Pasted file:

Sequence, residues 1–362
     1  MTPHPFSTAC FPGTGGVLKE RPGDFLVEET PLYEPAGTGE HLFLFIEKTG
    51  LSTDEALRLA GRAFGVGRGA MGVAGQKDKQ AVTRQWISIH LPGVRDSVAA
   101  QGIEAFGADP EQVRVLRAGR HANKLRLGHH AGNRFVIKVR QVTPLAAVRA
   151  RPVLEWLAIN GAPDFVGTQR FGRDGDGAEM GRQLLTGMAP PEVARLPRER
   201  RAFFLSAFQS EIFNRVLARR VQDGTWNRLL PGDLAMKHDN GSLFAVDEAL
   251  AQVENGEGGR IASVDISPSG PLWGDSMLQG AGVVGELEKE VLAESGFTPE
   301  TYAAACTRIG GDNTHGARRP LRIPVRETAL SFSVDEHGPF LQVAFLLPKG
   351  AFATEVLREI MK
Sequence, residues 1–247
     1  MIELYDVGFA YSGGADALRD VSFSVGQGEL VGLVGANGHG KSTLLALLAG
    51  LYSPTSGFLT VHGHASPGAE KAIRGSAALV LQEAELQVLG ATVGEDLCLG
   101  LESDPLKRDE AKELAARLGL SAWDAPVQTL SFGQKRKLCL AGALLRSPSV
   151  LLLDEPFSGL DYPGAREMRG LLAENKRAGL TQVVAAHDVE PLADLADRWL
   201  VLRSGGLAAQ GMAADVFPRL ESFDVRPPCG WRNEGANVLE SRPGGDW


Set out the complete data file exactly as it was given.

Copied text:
Sequence, residues 1–362
     1  MTPHPFSTAC FPGTGGVLKE RPGDFLVEET PLYEPAGTGE HLFLFIEKTG
    51  LSTDEALRLA GRAFGVGRGA MGVAGQKDKQ AVTRQWISIH LPGVRDSVAA
   101  QGIEAFGADP EQVRVLRAGR HANKLRLGHH AGNRFVIKVR QVTPLAAVRA
   151  RPVLEWLAIN GAPDFVGTQR FGRDGDGAEM GRQLLTGMAP PEVARLPRER
   201  RAFFLSAFQS EIFNRVLARR VQDGTWNRLL PGDLAMKHDN GSLFAVDEAL
   251  AQVENGEGGR IASVDISPSG PLWGDSMLQG AGVVGELEKE VLAESGFTPE
   301  TYAAACTRIG GDNTHGARRP LRIPVRETAL SFSVDEHGPF LQVAFLLPKG
   351  AFATEVLREI MK
Sequence, residues 1–247
     1  MIELYDVGFA YSGGADALRD VSFSVGQGEL VGLVGANGHG KSTLLALLAG
    51  LYSPTSGFLT VHGHASPGAE KAIRGSAALV LQEAELQVLG ATVGEDLCLG
   101  LESDPLKRDE AKELAARLGL SAWDAPVQTL SFGQKRKLCL AGALLRSPSV
   151  LLLDEPFSGL DYPGAREMRG LLAENKRAGL TQVVAAHDVE PLADLADRWL
   201  VLRSGGLAAQ GMAADVFPRL ESFDVRPPCG WRNEGANVLE SRPGGDW